The proposed 270 billion per year plan (€10.8 trillion total by 2050) for Europe to reach its target of becoming a low-carbon economy and society presented by Climate Commissar Connie Hedegaard yesterday has received a cool reception.
While the industry says not no fast – it’s too expensive, the environmentalists are complaining that it is not fast enough and does not allow them to take over Europe as its dictators.
The plan presented yesterday in Brussels is widely known as the EU Commission Low Carbon Roadmap, which aims to cut greenhouse gas emissions by 80-95 percent of 1990 levels by 2050. Interim targets have also been set: 25% by 2020, and 40% by 2030.
Europe’s emissions have gone down by 16% over the past two decades and the EU economy has grown by 40%. But much of that CO2 reduction came from shutting down the old communist mismanaged industry of former Warsaw Pact countries after the Berlin Wall fell in late 1989.
The EU climate commissars are encouraging Europe to take more action, some even resorting to ludicrous logic, like Connie Hedegaard – quoted by Environment News Service:
We need to start the transition towards a competitive low carbon economy now. The longer we wait, the higher the cost will be. As oil prices keep rising, Europe is paying more every year for its energy bill and becoming more vulnerable to price shocks. So starting the transition now will pay off.”
She’s saying: let’s switch over to expensive alternatives right away and really pay through the nose right now. That way we won’t have to worry about paying for higher-priced oil in the future!
And this low carbon-living isn’t going to make Europe more competitive, either. To be competitive energy has to be affordable and its supply steady. It’s not for nothing many countries are cutting back subsidies to wind and solar.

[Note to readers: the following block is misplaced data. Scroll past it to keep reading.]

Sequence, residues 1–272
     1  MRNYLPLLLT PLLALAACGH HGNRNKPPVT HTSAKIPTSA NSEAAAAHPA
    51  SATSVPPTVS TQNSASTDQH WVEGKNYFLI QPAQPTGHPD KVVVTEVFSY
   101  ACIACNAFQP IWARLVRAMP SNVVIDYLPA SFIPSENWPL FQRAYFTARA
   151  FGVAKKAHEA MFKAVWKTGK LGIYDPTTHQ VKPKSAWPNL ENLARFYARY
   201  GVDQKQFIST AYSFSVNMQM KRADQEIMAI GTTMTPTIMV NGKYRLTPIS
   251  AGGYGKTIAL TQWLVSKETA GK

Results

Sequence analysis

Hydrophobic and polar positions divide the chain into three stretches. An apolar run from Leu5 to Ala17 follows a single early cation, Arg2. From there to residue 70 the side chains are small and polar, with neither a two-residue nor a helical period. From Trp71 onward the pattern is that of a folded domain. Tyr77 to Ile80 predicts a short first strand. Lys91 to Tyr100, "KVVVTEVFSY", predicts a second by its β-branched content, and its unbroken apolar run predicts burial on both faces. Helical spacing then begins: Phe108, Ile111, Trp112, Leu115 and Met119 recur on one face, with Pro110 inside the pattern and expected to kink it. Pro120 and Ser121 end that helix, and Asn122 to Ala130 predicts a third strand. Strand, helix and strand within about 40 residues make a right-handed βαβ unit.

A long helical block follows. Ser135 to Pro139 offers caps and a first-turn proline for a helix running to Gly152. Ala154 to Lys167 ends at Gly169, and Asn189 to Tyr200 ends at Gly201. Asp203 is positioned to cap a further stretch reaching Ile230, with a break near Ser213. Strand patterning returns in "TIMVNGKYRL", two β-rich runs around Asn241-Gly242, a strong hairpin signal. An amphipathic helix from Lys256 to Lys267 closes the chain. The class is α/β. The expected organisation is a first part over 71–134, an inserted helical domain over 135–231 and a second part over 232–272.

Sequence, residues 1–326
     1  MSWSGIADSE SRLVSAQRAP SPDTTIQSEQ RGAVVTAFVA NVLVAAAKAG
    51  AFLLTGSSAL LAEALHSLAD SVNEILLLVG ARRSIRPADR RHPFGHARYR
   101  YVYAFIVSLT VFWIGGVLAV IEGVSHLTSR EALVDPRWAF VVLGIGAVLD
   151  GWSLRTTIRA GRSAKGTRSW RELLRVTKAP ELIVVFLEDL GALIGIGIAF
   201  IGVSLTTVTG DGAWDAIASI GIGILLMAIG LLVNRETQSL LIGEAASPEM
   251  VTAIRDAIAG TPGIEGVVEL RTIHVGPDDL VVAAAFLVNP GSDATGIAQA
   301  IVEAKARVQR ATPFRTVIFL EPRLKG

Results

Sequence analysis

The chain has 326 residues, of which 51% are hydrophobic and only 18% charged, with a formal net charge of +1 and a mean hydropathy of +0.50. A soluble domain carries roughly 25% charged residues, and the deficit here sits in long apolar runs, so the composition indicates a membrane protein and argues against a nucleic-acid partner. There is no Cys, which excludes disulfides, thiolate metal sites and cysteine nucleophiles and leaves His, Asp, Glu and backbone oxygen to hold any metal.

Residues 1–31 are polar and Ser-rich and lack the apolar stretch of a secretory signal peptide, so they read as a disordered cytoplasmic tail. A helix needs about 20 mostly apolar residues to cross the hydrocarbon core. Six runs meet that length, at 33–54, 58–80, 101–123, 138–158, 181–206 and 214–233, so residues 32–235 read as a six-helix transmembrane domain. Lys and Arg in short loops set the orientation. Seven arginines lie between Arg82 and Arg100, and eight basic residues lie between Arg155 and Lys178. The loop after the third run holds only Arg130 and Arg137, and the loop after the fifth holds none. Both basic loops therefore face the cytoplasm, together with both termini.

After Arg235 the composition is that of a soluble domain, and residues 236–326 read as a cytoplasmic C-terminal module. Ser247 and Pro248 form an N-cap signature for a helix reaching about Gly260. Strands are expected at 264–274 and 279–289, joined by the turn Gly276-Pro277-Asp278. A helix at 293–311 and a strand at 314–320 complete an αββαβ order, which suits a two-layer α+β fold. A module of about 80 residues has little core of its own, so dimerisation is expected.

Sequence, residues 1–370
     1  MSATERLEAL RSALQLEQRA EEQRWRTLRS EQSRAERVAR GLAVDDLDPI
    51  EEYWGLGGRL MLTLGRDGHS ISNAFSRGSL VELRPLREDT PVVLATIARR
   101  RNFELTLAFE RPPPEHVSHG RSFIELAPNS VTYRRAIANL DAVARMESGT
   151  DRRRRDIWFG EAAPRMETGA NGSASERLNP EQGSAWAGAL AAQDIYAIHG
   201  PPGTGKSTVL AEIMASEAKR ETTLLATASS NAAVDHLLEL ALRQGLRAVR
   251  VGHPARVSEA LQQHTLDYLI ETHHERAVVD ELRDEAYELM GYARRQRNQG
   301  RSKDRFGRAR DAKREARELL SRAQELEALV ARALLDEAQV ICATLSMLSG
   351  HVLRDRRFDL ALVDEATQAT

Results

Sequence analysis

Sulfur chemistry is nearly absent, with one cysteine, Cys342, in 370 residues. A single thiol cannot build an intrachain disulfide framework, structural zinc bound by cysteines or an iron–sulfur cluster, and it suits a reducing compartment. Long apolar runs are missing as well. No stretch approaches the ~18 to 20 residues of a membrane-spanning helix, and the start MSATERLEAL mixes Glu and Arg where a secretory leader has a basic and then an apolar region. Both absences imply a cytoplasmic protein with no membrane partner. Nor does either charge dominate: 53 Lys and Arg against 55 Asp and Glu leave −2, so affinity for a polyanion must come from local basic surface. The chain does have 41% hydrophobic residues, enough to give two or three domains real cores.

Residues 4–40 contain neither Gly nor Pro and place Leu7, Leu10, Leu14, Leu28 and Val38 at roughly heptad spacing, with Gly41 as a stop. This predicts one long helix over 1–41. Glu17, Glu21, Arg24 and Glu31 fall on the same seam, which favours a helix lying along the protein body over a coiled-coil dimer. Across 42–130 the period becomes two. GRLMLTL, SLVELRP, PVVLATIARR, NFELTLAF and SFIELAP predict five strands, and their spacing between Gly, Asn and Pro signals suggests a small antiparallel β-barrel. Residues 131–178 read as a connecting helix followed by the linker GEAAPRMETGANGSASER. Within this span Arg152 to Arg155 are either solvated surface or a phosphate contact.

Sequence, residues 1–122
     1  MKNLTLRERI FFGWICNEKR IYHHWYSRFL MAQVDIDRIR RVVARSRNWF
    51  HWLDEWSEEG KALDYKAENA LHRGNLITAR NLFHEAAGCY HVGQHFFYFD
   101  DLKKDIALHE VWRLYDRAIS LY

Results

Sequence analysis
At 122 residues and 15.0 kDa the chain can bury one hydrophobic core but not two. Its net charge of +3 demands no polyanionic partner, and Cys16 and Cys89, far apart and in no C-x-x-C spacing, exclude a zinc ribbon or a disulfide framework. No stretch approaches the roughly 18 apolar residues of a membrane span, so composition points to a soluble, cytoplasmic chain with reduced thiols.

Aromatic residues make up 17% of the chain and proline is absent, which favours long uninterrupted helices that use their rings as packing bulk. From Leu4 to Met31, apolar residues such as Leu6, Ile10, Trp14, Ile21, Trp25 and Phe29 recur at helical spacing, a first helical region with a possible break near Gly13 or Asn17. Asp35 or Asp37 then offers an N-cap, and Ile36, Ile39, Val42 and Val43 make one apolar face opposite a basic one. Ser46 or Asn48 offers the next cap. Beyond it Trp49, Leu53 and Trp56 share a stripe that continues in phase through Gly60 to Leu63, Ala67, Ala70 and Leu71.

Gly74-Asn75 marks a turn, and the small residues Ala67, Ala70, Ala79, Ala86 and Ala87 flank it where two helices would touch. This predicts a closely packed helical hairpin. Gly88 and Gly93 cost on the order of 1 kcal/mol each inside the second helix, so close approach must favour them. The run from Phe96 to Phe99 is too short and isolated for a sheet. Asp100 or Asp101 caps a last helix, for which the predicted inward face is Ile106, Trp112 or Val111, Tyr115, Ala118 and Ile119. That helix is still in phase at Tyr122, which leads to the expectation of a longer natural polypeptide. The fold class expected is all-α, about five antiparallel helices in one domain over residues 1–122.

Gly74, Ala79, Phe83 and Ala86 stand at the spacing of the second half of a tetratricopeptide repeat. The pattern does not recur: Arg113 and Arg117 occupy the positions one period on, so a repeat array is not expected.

The EU Commission’s Low Carbon Roadmap outlines a vast number of criteria for meeting the the targets: smart meters, renovation of buildings, thermal insulation, energy efficient machines, expansion of solar and wind energy, etc. But environmental groups were disappointed by the plan as a whole. Klimaretter blogsite writes (emphasis added):
The proposals of the Commissar were “unacceptable” said WWF energy expert Regine Günther: ‘The Commission views an emissions reduction of 25% as possible’, but did not make it binding, says Günther. “Without any clear ambitious target requirements, the European economy will lose the competitive leadership in markets for energy efficiency and renewable energy in the near future.’ “
What’s bad news for the eco-dictators is of course good news for EU citizens. Sorry, but many of us don’t think that spending €10.8 trillion for a few tenths of a degree Celsius is worth it. Besides, whatever CO2 Europe saves in the decades ahead will be wiped out by China and India CO2 growth in just a few months.
Meanwhile others are biting off their fingers. Environment News Service:
Friends of the Earth’s Head of Climate Change Mike Childs said, ‘If these plans go ahead, European governments are effectively abandoning any realistic hope of keeping global temperatures rises below two degrees, locking us into catastrophic climate change.’ ”
‘If the EU is serious about tackling climate change it must slash its emissions by 40 percent by 2020, without buying carbon credits from abroad,’ said Childs.”
Words of an eco-dictator.